By Isobel Ringwood
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Domestic abuse law will not end violence at home

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Issue 460

The new Domestic Abuse Bill aims to broaden the definitions of abuse and to improve the support available for victims. The main hope for this new legislation is that by more accurately defining abuse, more victims will get help. This comes at a time when domestic abuse charities and campaigners, both in the UK and across the world, have reported a surge in calls to helplines and online services during the lockdown. Currently, many who report abuse are told to come back when they are physically assaulted, as this is the only form of domestic abuse the law recognises.
Legislators hope the new definitions will lead to broader detection through improvements in training for the police, Crown Prosecution Service and courts. How successful is this likely to be? Whilst socialists welcome the extension of the law to recognise more forms of domestic abuse, the extent to which this will improve the situation is limited. The Bill does not lift the pressure often associated with living in families. It aims to contain, rather than fundamentally eradicate, relationship abuse. A decade and more of austerity has exacerbated domestic violence.
St Mungo’s, the homeless charity, report that 33 percent of homeless women say domestic abuse contributed to them becoming homeless. Only 11 percent of homelessness services offer women-only accommodation due to lack of funding. Similarly, local authority funding for women’s refuges have been cut by nearly £7 million since 2010, meaning shelters are closing and cutting services. The Bill makes £16.6 million available to local authorities. With services already cut to the bone, this will not be enough to support rising levels of abuse.
Victims of domestic abuse are classed as vulnerable and have priority need to be housed, but the housing crisis means that there is a lack of accommodation so that local authorities often turn victims away. Another aim of the legalisation is to bring the case of “R v Brown” into legislation, which would mean any defence of consent where a victim suffers serious harm or is killed during sex is invalid. The case concerned five men who were convicted of various counts of assault, due to the injuries they inflicted upon each other during consensual, homosexual, sadomasochist activities. Despite this, the “rough sex” defence has been increasingly used in Britain in cases of sexual violence that have ended in murder or serious harm.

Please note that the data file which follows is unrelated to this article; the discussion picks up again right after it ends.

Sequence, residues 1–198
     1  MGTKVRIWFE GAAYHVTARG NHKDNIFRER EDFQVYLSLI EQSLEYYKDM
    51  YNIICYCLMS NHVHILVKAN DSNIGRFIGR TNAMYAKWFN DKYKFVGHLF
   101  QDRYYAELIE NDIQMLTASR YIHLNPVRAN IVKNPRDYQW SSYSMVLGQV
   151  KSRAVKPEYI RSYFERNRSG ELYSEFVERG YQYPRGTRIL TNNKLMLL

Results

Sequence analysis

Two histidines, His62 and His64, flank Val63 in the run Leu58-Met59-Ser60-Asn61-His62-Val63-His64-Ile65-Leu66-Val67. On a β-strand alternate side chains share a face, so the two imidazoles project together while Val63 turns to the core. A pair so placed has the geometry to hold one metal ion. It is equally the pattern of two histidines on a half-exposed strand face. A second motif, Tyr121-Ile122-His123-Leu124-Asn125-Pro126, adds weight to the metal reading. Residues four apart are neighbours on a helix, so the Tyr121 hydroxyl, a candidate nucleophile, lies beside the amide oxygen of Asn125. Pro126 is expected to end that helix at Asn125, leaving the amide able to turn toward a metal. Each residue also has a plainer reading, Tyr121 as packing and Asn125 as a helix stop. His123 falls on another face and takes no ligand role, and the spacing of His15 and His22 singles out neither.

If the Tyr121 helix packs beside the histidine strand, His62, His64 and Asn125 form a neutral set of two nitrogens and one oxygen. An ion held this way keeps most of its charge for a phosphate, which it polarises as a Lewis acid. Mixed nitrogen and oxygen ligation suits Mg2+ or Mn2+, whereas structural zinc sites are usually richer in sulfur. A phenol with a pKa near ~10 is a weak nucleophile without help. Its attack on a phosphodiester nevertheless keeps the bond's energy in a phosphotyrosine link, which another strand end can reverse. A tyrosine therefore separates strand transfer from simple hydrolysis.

A 2019 study showed that more than a third of UK women under the age of 40 have experienced unwanted slapping, choking or gagging during consensual sex and in 45 percent of these cases, the defence of “rough sex” led to a lesser charge, or even no charge at all. The hope is that by invalidating consent to “rough sex” as a defence, more rape cases will come to court. Again, although welcome, changes at a legislative level only will not go far enough to address the underlying problems governing relationships. The Black Lives Matter (BLM) movement has brought other issues into view.
For example, research in 2019 showed public authorities are failing to uphold the basic human rights of ethnic minority women and children who have been victims of domestic abuse. The research, compiled by the international NGO Sisters For Change in partnership with The Manchester Maya Project, warns of institutional racism and sexism at the local level in Greater Manchester, and most likely elsewhere. It highlights that women and children from black, Asian and minority ethnic (BAME) backgrounds are not being protected or getting specialist help after suffering domestic abuse.
A number of women’s aid charities report BAME women are reluctant to report abuse to the police, worried that their fears will not be taken seriously. At a more general level, BLM has opened a debate about defunding the police. For socialists, this would mean closing down police departments so that funds could be used elsewhere. In 2018/19, £13.3 billion was spent on the police in England and Wales. This money could be redistributed to set up new refuges or build houses that victims of domestic abuse rely on. Additionally, in the UK, 75 percent of ex-inmates reoffend within nine years of release from prison. Rather than spending £4.56 billion a year on locking people up, money could be invested into resources for schools and social services, as well as programmes to ensure people are less likely to reoffend.
Karl Marx argued that in capitalist society working class people lack control of their lives. As we lose control of our labour, lives and ourselves, our relationships become distorted and alienated. In abusive relationships, this lack of power means victims often stay in oppressive relationships because they lack any alternative. Relationships are shaped by the social contexts of institutions and ideas dominant during specific historical epochs. For capitalism, a key institution and set of ideas framing relationships is the nuclear family.
As long as the nuclear family continues to service this purpose, the increased powers to monitor and criminalise relationships intensifies the alienating effect it has on relationships. But fundamentally, as long as we live in a society which systematically oppresses great sections of it, structures like the police and legal system cannot be reformed to act in the interests of victims of domestic abuse.

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